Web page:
Abdominal pain after workout may or may not be a normal part of exercising and increasing muscle tone. You may have heard at the gym "no pain, no gain," but abdominal pain can be concerning. While you may be developing abdominal muscles and tone, this could also be a signal from your body to slow down a little. Normal and usual abdominal pain after exercise isn't really a cause for concern and may clear up with a period of rest. Here are some of the causes of this and ways to deal with it.
What Causes the Pain?
When you suffer from abdominal pain, it doesn't always mean you injured yourself. Abdominal pain that comes on suddenly during exercise is more often a sign of an injury. When the abdominal discomfort is more delayed after you have finished your workout, this is more due to the intensity of your workout. You will most likely notice this type of pain around 12 to 48 hours after you exercise, and a sign that your abdominal muscles are going through a recovery phase.
Intense, sudden, and sharp pain should always be evaluated by your physician. Here are some of the most common causes of abdominal pain after exercise:
1. Food Intake Prior to Exercise
Exercise increases the need in your heart for blood. When you increase the intensity of your exercise, blood is shunted away from the abdominal organs and into your heart and brain, the body's vital life sustaining organs. Things like digestion, urination, and bowels lose some of the blood they need to work during exercise. If you eat too much or the wrong foods prior to exercise, less blood to your stomach may cause abdominal pain or even nausea, and vomiting. Less blood to the intestinal area can cause cramping in the lower abdomen and even diarrhea.
2. Inadequate Warm-Up
If you are hitting the abdominal muscles hard during a workout, this may cause soreness and pain after you exercise. If you forget to warm up your muscles, this can cause too much strain on them during a workout. Inadequate warm-up prior to working out decreases blood flow to your cold and tight muscles. Not warming them up can actually cause injury or tearing in the muscle tissues.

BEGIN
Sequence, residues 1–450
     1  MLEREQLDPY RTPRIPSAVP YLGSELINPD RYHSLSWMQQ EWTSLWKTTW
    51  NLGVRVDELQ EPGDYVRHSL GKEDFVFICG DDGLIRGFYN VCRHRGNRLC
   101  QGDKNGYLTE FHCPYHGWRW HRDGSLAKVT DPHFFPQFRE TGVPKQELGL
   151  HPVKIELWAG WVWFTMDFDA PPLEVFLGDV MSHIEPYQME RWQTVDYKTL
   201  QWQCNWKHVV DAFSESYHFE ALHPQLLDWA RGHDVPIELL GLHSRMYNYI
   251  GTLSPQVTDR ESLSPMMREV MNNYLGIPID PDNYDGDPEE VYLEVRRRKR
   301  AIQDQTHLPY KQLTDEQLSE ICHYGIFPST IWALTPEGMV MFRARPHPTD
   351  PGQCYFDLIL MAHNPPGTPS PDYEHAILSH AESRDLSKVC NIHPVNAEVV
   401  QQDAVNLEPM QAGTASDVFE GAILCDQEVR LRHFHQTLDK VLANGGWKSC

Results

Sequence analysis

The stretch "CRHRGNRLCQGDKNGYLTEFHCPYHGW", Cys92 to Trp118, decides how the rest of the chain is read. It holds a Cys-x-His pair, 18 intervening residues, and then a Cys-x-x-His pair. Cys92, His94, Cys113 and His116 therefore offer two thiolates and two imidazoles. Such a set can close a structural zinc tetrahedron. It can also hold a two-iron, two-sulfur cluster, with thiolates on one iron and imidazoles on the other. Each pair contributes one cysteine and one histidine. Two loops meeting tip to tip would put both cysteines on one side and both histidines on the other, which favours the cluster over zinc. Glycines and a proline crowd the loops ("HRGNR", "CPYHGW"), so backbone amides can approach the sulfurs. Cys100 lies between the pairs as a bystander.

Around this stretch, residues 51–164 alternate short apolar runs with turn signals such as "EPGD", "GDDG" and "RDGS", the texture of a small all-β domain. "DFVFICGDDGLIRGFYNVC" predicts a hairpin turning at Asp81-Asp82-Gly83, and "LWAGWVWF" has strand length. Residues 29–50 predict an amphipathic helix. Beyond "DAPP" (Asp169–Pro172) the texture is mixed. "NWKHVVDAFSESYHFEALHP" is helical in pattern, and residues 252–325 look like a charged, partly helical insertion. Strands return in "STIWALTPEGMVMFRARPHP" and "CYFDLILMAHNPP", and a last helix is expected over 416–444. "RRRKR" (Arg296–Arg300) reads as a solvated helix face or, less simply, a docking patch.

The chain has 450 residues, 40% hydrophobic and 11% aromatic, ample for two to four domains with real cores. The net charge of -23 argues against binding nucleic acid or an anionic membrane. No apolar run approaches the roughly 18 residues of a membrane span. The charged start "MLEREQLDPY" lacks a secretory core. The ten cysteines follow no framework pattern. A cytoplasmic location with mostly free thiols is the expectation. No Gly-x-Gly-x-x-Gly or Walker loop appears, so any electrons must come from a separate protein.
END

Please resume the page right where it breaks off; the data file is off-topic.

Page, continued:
3. Ligament Pain "Side-Stitch"
When you experience a "stitch" in your side from exercise, this happens due to strain on the ligaments near your liver and diaphragm. It is most commonly felt from swimming, running, or brisk walking exercise.
It occurs in relation to your use of accessory breathing muscles. When you take a breath in, this lifts these muscles upwards and out. If you're running or doing something that requires downward action of your muscles, the two sets naturally work against each other causing strain. The actual "stitch" is a spasm in the diaphragm due to these muscles being tossed in every direction, and a lower flow of oxygen to these ligaments and muscles.
4. Thoracic Spine Pain
Pain in your thoracic (chest area) spine can actually be referred forward to your abdominal area. During exercise, you may have pulled or strained a muscle in your mid to upper back area. While you may or may not feel pain in your back, the nerves run along the same lines as your middle abdomen. This may cause the pain to be "referred" or felt elsewhere in the area, like your stomach.
5. Muscle Strain